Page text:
Thomas Vinterberg took Best International Feature for his boozy, life-affirming drama Another Round, which felt destined to win the statuette on the basis of its electrifying final scene alone. Vinterberg’s speech culminated with a heartfelt tribute to his daughter, who was killed in a car accident four days into the filming of Another Round, and cited the experience of making it as a cathartic expression of his grief.

[Read More: Our Reviews for This Year's Best Picture Nominees]

Elsewhere, the Academy made its usual slew of predictable but not entirely interesting choices. Soul took home the Best Animated Feature statue, though I'd easily argue both Wolfwalkers and Onwards (Pixar’s other effort this year) were the superior animations. And it seems kind of crazy that the somewhat questionable My Octopus Teacher could triumph over a timely, important and remarkable documentary like Collective, or the deeply affecting meditation that is Time.

The ceremony was directed by Steven Soderbergh, whose freewheeling and stylish stamp was made visible throughout – especially in a jazzy opening long take that followed Regina King through the venue and to the stage. But there were perhaps just too many odd choices that ultimately left a sour taste, not merely in the Academy's misguided attempt to predict Boseman’s win, but in a strangely rushed “In Memoriam” section, a bafflingly long “trivia” segment, and the decision to barely show any clips of the films themselves. At least, as with last year’s ceremony, there was a solid sense that the right film took home the award for Best Picture. Congrats, Nomadland!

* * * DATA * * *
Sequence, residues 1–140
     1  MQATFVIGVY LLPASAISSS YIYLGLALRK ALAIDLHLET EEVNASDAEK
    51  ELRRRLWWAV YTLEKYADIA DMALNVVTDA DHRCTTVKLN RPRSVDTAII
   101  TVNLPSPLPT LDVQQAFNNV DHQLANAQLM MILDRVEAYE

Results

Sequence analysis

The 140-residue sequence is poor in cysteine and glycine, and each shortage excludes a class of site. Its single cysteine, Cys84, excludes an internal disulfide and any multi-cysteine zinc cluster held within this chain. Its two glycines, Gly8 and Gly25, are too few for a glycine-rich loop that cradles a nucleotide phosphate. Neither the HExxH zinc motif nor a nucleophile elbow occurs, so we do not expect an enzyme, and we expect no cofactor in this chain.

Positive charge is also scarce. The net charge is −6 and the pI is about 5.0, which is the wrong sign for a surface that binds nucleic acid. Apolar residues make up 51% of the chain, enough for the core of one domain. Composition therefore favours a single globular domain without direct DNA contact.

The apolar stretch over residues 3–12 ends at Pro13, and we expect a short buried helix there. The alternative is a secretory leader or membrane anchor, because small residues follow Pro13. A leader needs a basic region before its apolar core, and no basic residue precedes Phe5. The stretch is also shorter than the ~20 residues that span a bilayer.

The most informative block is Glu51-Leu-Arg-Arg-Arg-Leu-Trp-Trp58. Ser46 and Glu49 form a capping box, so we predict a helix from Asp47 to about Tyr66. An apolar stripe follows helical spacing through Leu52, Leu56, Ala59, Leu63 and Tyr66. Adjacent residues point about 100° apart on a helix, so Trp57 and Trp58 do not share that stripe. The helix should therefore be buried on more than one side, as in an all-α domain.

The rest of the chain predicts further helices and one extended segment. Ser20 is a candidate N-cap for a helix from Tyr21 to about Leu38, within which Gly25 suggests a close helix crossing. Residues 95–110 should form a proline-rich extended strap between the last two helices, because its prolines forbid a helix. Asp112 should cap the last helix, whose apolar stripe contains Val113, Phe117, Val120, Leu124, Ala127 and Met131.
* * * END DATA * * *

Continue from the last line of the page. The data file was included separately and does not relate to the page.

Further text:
You can read all of the results for the 93rd Academy Awards at our dedicated page.

Other Features

Best Films to Stream This Week in the UK

With cinemas still closed, we highlight the best new streaming releases, including the latest addition to the Greek weird wave

Leonardo DiCaprio Orders an American Remake of Another Round

Appian Way have won the remake rights to the Oscar-winning tale of debauchery and dancing, with DiCaprio potentially poised to star

Whistle Along to the Teaser Trailer for Steven Spielberg’s West Side Story

Ansel Elgort and Rachel Zegler co-star in the legendary Hollywood director's take on the 1961 Best Picture winner

Read Our Reviews for This Year’s Best Picture Nominees

Missed our reviews for this year's Best Picture nominees? Brush up on WLC's take on all eight films ahead of Sunday's ceremony...


Charlatan review – gorgeously composed but often frustrating biopic

Agnieszka Holland's portrait of a 20th century faith healer is insightful and beautifully shot, though let down by some glacial pacing

Identifying Features review – a mother’s hellish journey through Mexico

The debut film from Fernanda Valadez is a quietly tense and brutal descent into the borderlands, as a woman searches for her lost son

The Bike Thief review – compelling parable of the gig economy

This Brexit era riff on De Sica's neorealist classic is a great calling card for Alec Secăreanu but suffers from a slightly pedestrian script

Apples review – affecting examination of what we remember

Athenians are afflicted with contagious amnesia in a powerful directorial debut about the unexpected comforts of forgetting